Art/ Collection/ Art Object

Tankard

Maker:
Johann Berend (master 1696, died 1704)
Date:
ca. 1700
Culture:
Livonian, Riga
Medium:
Silver, partly gilt
Dimensions:
9 1/2 x 9 15/16 in. (24.1 x 25.2cm); Diameter: 7 3/8 in. (18.7 cm)
Classification:
Metalwork-Silver
Credit Line:
The Collection of Giovanni P. Morosini, presented by his daughter Giulia, 1932
Accession Number:
32.75.84
On view at The Met Fifth Avenue in Gallery 551
Most tankards were made in the beer-drinking countries of Northern Europe. They were usually made of pewter, ceramic, or sometimes of stone or wood, but as early as the sixteenth century a growing class of wealthy burghers created a demand for a more luxurious variety in silver. Tankards could be cylindrical or cone-shaped, low and broad or tall and slender, and were usually quite capacious. They were fitted with hinged lids, and supported on molded, circular feet. The silver ones were often richly ornamented by engraved, repoussé, or cast elements. Toward the mid-seventeenth century, Scandinavian tankards evolved into a distinctive Baroque variety, with a low, broad, cylindrical body supported by three ball feet, an S-shaped handle, and a hinged lid that was often ornamented with engraved or repoussé decoration. Swedish examples were often fitted with ornamental disks screwed to the exterior of the lid. The Swedish type prevailed also in the Baltic land of Livonia, a territory subject to the Swedish crown until 1720, and the city of Riga was the major producer of Livonian silver tankards. The Museum's tankard is engraved with the arms of Fredrich Wessenlinck and his wife, Ursula von Vriesbergen. Wessenlinck was an official for Livonian agricultural affairs in Stockholm. The tankard is a typical product of Riga, with its ball-shaped, foliate-covered feet attached to foliate cartouches enframing medallions with heads, and a circular plate on the lid depicting lovers in a pastoral landscape. It differs from Swedish tankards of the period in the exuberance of the entwined pomegranates on its thumbpiece and the split spirals at the base of the handle.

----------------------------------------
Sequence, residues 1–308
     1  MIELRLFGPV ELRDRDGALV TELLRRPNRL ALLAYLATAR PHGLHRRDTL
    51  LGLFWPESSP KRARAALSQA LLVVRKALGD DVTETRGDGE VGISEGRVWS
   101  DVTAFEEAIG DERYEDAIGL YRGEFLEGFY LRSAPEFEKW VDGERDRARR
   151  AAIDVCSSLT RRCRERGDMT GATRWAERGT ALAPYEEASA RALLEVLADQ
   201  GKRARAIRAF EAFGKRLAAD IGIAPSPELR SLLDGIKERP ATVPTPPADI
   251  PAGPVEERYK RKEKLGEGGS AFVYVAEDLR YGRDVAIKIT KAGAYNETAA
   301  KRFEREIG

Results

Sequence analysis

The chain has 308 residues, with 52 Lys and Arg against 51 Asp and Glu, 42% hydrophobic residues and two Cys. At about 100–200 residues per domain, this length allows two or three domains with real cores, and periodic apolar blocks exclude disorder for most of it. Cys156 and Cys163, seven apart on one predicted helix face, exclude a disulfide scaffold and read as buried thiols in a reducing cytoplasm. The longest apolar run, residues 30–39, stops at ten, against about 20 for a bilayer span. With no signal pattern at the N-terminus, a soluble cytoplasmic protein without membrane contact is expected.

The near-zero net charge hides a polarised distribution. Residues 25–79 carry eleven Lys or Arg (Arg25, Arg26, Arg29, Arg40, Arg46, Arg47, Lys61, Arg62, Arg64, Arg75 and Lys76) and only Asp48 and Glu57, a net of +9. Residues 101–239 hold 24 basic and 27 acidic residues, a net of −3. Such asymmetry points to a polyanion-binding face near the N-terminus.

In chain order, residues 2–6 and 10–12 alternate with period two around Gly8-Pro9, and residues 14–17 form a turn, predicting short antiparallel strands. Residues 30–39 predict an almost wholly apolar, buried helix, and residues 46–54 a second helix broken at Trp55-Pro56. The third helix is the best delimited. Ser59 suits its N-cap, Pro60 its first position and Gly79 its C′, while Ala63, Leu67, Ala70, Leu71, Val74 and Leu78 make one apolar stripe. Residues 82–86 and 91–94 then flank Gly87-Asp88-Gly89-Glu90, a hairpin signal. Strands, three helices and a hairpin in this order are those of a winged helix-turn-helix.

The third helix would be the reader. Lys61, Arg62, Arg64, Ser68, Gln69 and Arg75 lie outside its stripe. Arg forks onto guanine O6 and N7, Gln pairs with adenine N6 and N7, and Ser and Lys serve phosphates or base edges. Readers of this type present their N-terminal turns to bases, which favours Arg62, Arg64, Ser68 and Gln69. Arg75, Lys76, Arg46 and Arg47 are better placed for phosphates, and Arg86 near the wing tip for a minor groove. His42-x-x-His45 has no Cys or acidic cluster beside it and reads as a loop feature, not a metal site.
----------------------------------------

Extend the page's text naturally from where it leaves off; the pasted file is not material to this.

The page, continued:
Inscription: Engraved on the side of tankard around coats of arms: Friedrich Wesselinck Vrsula Von Vreisbergen / Anno 1699 (owners' names and date).

Marking: Stamped on exterior of bottom: [1] Crossed keys within a shield (town mark of Riga in use in the eighteenth century); [2] Roman capitals I B flanking a tree and within a shaped shield (maker's mark of Johann Berend).
Giovanni Pertinax Morosini , Riverdale-on-Hudson, New York
Related Objects

Tankard

Artist: Johann Georg Eben (recorded 1702–10, master 1703, died 1710) Date: 1707 Medium: Silver, parcel gilt Accession: 25.15.1 On view in:Gallery 551

Tankard engraved with scenes depicting the Fire of London and the Great Plague

Artist: I N (British, mid-late 17th century) Date: 1675/76 Medium: Silver Accession: 1987.54 On view in:Gallery 510

Holy-water stoup with relief of Mary of Egypt

Artist: Giovanni Giardini (Italian, Forlì 1646–1722 Rome) Date: ca. 1702 Medium: Lapis lazuli, silver, and gilded bronze Accession: 1995.110 On view in:Gallery 550

Cup with cover and stand (one of a pair)

Artist: John Parker (British, active 1759–77) Date: 1766/67 Medium: Silver-gilt Accession: 2011.124.1a–c On view in:Gallery 515

Tankard

Artist: Ludwig Wachman (mentioned 1632) Date: 1640–50 Medium: Silver-gilt Accession: 2008.543.1 On view in:Gallery 533